Venetia Burney at age 11
|Born||Venetia Katharine Douglas Burney
11 July 1918
|Died||30 April 2009
|Known for||Naming Pluto|
|Spouse(s)||Edward Maxwell Phair (m. 1947–2006)|
|Relatives||Falconer Madan, grandfather|
Venetia Katharine Douglas Phair, née Burney (11 July 1918 – 30 April 2009) was an English woman known for being the first person to suggest the name Pluto for the planet discovered by Clyde Tombaugh in 1930. At the time, she was 11 years old and lived in Oxford, England. As an adult she worked as an accountant and a teacher.
Venetia Burney was the daughter of Rev. Charles Fox Burney, Oriel Professor of the Interpretation of Holy Scripture at Oxford, and his wife Ethel Wordsworth Burney (née Madan). She was the granddaughter of Falconer Madan (1851–1935), Librarian of the Bodleian Library of the University of Oxford. Falconer Madan's brother, Henry Madan (1838–1901), Science Master of Eton, had in 1878 suggested the names Phobos and Deimos for the moons of Mars.
On 14 March 1930, Falconer Madan read the story of the new planet's discovery in The Times, and mentioned it to his granddaughter Venetia. She suggested the name Pluto – the Roman God of the Underworld who was able to make himself invisible − and Falconer Madan forwarded the suggestion to astronomer Herbert Hall Turner, who cabled his American colleagues at Lowell Observatory. Clyde Tombaugh liked the proposal because it started with the initials of Percival Lowell who had predicted the existence of Planet X, which they thought was Pluto because it was coincidentally in that position in space. On 1 May 1930, the name Pluto was formally adopted for the new celestial body.
Burney was educated at Downe House School in Berkshire and Newnham College, Cambridge, where she studied mathematics. After graduation she became a chartered accountant. Later she became a teacher of economics and mathematics at girls’ schools in southwest London. She was married to Edward Maxwell Phair from 1947 until his death in 2006. Her husband, a classicist, later became housemaster and head of English at Epsom College. She died on 30 April 2009, aged 90, in Banstead in Surrey. She was buried at Randalls Park Crematorium in Leatherhead in Surrey.
Only a few months before the reclassification of Pluto from a planet to a dwarf planet, with the debate going on about the issue, she said in an interview that "At my age, I've been largely indifferent [to the debate]; though I suppose I would prefer it to remain a planet."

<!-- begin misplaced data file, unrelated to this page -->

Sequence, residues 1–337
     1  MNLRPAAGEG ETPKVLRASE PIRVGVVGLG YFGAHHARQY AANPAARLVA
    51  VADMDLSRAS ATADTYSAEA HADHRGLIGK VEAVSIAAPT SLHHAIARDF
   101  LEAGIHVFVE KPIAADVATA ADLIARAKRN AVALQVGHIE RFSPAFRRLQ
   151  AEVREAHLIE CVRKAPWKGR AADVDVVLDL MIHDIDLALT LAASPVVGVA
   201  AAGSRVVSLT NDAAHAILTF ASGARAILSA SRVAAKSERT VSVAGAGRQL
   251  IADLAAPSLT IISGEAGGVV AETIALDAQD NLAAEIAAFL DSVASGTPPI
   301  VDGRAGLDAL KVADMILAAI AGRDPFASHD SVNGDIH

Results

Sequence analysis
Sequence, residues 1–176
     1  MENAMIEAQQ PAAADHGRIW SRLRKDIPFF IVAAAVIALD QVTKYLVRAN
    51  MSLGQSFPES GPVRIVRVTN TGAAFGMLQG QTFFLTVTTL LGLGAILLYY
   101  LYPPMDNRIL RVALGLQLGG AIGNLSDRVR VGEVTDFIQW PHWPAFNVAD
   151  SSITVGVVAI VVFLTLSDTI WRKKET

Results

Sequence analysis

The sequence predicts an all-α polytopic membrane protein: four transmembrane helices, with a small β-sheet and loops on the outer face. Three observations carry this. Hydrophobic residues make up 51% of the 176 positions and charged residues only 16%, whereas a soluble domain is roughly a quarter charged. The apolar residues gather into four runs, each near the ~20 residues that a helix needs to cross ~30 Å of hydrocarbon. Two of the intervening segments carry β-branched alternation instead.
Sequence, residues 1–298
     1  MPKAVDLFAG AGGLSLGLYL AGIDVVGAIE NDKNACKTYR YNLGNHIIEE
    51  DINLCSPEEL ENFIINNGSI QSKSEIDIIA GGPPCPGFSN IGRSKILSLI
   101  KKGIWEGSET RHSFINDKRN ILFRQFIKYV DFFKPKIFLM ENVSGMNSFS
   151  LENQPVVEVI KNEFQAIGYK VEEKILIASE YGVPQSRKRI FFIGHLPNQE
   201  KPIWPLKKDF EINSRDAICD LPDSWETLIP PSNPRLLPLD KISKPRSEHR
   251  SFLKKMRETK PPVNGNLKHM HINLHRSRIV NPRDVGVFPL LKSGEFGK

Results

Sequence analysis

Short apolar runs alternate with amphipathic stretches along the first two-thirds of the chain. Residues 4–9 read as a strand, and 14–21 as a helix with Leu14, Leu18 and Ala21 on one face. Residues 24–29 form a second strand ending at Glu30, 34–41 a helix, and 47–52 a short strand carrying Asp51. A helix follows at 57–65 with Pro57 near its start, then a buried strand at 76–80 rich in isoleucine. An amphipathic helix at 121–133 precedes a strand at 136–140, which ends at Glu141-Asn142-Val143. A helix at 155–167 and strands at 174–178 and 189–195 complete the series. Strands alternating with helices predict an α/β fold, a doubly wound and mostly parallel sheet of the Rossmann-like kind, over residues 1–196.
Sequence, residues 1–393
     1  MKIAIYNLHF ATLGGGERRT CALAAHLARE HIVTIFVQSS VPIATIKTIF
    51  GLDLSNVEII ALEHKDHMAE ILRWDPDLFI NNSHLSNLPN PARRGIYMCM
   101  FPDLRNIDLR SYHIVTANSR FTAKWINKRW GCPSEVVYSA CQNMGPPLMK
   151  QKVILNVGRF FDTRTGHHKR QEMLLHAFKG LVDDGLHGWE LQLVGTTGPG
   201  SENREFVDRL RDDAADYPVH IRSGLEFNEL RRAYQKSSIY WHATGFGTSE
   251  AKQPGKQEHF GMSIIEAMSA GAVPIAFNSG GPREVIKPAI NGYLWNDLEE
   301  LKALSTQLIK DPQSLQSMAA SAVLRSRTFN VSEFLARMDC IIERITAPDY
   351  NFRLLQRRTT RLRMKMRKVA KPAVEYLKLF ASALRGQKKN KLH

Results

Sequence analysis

The asteroid 6235 Burney and Burney Crater on Pluto were named in her honour. In July 2015 the New Horizons spacecraft was the first to visit Pluto and carried an instrument named Venetia Burney Student Dust Counter in her honour.
- "Venetia Phair". Daily Telegraph. 5 May 2009. Retrieved 11 May 2009.
Venetia Phair, who has died aged 90, had the distinction of being the only woman in the world to have named a planet; in 1930, as a girl of 11, she suggested the name Pluto for the enigmatic celestial body that had just been discovered, and which became (albeit only temporarily) the ninth planet in our solar system.
- "Proceedings of the Royal Astronomical Society". The Observatory. 53: 193–201. July 1930. Retrieved 21 April 2015.
- Rincon, Paul (13 January 2006). "The girl who named a planet". Pluto: The Discovery of Planet X. BBC News. Retrieved 12 April 2007.
- Grimes, William (10 May 2009). "Venetia Phair Dies at 90; as a Girl, She Named Pluto". The New York Times. Retrieved 11 May 2009.
Venetia Phair, as she became by marriage, died April 30 in her home in Banstead, in the county of Surrey, England. She was 90. The death was confirmed by her son, Patrick.
- "JPL Small-Body Database Browser". NASA. Retrieved 21 April 2015.
- "Pluto-Bound Science Instrument Renamed for Girl Who Named Ninth Planet". NASA. 30 June 2006. Retrieved 21 April 2015.
- "Exclusive Interview: The Venetia Fair". Neck Deep Media. Archived from the original on 21 July 2015. Retrieved 21 April 2015.